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Residents of Ottawa's south end complain that coyotes are going through their garbage and killing pets. ((Courtesy of Greg Carter))

A controversial coyote hunting contest in the Ottawa area is being defended by the club sponsoring it.

Gord Atkinson, president of the Osgoode Township Fish, Game and Conservation Club, said the "Great Coyote Cull Contest" wasn't intended to encourage people who don't hunt coyotes to start killing them.

"It was started to basically get people who hunt coyotes involved in our club," Atkinson said Monday.

The contest, which has resulted in an outcry from animal welfare groups, gives participants a chance to win a new shotgun in a draw. They get one ballot each time they bring a dead coyote and a toonie to the Old Co Op farm and hunting supply store in North Gower, a village in Ottawa's rural southern outskirts. As of Monday, the store reported that it had received four entries to the contest.

Atkinson said the contest, which runs until March, is similar to others the club has held, such as its Big Buck Contest for deer hunters this past fall.

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'Parents are afraid to let their children out' because of the coyotes, said Coun. Doug Thompson. ((CBC))

The club executive didn't expect such a big public reaction to its latest contest, and is holding a meeting Monday night to discuss it.

The coyote contest was advertised in one of Osgoode Coun. Doug Thompson's weekly newsletters to constituents in December. It has since been removed from the archived newsletter, although Thompson could not say why.

Thompson admitted there has been a lot of controversy over how to deal with the coyotes, but emphasized they are a serious problem in his ward. The predators are believed to have killed hundreds of pets and farm animals in his ward in the past three years, he said Monday.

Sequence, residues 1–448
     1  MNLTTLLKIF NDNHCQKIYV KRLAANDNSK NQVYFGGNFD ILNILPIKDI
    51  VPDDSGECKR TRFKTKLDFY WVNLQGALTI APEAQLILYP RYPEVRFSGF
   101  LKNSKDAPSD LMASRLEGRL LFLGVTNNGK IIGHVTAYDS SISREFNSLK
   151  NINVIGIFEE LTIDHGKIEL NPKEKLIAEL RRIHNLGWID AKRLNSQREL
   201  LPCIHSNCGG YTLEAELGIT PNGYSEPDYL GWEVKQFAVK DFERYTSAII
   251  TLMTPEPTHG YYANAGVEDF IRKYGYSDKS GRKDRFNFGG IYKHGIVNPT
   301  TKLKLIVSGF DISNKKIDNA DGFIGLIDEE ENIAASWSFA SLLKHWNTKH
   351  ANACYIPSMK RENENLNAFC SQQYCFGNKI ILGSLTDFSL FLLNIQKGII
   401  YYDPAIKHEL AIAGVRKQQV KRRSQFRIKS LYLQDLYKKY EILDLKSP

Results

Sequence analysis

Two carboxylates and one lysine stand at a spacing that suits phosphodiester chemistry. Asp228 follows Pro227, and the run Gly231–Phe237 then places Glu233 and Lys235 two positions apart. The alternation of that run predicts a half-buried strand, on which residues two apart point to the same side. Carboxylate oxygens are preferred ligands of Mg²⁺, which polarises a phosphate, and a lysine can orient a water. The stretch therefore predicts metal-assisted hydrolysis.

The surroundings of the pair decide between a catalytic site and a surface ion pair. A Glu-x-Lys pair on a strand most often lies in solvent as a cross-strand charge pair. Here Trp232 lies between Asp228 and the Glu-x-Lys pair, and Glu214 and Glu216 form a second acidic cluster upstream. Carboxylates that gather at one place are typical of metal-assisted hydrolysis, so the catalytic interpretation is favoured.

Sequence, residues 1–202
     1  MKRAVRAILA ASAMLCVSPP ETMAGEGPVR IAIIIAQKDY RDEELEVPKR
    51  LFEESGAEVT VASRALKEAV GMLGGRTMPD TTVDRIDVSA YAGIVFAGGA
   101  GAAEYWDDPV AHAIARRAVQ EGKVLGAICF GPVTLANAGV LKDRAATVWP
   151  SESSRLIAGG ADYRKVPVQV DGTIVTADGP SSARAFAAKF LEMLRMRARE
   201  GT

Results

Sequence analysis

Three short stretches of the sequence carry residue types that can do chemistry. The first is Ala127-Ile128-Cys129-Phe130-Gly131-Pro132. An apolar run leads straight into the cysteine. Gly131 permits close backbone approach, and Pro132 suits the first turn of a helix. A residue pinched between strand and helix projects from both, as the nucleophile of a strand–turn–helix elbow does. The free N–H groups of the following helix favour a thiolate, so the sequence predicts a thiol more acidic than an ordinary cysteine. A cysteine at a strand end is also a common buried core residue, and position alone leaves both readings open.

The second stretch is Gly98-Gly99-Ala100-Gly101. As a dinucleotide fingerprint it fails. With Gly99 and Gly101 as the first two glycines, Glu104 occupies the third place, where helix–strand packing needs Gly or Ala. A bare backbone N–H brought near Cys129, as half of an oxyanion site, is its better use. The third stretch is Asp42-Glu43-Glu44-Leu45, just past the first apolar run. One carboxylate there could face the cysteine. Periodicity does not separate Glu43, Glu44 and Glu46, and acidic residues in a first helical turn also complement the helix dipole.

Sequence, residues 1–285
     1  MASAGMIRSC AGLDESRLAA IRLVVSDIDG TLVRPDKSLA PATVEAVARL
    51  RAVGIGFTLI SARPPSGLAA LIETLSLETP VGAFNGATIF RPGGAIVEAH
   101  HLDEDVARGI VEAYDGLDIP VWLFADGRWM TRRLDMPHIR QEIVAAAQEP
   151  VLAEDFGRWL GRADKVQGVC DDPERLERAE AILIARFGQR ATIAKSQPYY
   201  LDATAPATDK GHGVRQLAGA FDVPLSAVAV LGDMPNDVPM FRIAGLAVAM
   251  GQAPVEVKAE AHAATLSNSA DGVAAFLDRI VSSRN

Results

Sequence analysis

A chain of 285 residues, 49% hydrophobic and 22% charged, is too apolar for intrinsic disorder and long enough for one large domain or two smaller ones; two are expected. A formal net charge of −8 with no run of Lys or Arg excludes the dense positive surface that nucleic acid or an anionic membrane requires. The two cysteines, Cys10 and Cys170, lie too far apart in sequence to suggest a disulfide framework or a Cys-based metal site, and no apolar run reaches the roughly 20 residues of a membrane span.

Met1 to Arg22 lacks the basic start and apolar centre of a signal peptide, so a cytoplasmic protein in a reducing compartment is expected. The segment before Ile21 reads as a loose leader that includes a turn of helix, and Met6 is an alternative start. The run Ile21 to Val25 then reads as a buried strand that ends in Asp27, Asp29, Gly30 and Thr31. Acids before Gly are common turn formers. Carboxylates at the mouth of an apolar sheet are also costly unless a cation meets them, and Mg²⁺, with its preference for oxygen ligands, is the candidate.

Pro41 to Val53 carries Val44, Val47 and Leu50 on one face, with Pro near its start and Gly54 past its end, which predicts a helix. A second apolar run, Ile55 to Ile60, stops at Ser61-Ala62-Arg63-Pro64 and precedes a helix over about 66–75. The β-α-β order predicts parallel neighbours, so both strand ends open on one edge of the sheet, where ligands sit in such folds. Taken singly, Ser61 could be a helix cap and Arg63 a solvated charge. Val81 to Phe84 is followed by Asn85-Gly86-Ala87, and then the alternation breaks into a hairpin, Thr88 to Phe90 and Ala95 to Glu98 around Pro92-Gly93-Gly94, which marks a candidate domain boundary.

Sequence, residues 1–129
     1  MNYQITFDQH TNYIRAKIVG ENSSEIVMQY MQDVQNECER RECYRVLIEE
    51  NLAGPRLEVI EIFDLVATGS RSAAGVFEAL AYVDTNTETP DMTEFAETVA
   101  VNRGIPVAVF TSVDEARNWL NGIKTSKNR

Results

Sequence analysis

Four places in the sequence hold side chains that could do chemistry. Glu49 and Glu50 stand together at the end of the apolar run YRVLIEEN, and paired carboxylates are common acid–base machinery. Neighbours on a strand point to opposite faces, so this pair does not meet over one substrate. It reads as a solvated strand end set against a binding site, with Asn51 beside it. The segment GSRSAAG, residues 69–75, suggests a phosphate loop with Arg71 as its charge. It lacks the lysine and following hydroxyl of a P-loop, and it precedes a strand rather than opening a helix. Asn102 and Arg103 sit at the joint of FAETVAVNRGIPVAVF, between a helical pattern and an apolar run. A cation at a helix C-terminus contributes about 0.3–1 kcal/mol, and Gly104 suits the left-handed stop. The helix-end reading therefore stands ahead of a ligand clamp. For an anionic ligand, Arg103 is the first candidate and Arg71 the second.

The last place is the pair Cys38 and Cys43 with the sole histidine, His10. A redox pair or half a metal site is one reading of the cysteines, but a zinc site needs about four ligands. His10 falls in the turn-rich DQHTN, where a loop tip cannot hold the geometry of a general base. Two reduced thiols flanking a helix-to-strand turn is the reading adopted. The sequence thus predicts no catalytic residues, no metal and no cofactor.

"Parents are afraid to let their children out," he added.

Cull needed: councillor

Thompson said he has been working with Ontario Ministry of Natural Resources officials to resolve the problem, and believes that ultimately, the ministry will need to cull the coyotes.

As for the contest, he said, the sponsoring club probably could have worded the announcement better.

"It just says bring in a coyote and $2. That sounds maybe a little Wild West," he said.

Thompson added that the club has a long history in his ward and in the former Osgoode Township, which is now part of Ottawa. It does great community work such as sponsoring fishing derbies and teaching young people about the environment, he said.

"It's not a slap-happy group."

'It's really kind of embarrassing'

Donna Dubreuil, president of the Ottawa-Carleton Wildlife Centre, called the contest an "18th-century response" to complaints from local residents about the increasing number of coyotes roaming their neighbourhoods.

"It's really kind of embarrassing," she said.

Dubreuil said the coyote cull contest launched at a time when other cities are gearing up to celebrate 2010 as the United Nations International Year of Biodiversity. People shocked by the contest have been calling from as far away as Vancouver and California, asking if it is for real, she added.

The Canadian Federation of Humane Societies is also publicly protesting the contest.

"Killing wildlife is rarely effective in solving human-wildlife conflicts," said Shelagh MacDonald, program director for the group, in a letter she sent to local animal welfare groups that called the approach "draconian."

"People need to realize that we are destroying and encroaching on the habitat of wild animals as our cities sprawl, thereby forcing closer contact with them. Conflicts can be avoided by keeping garbage secured and not letting pets roam loose, especially at night."

The letter was also sent to a local newspaper, but was not published.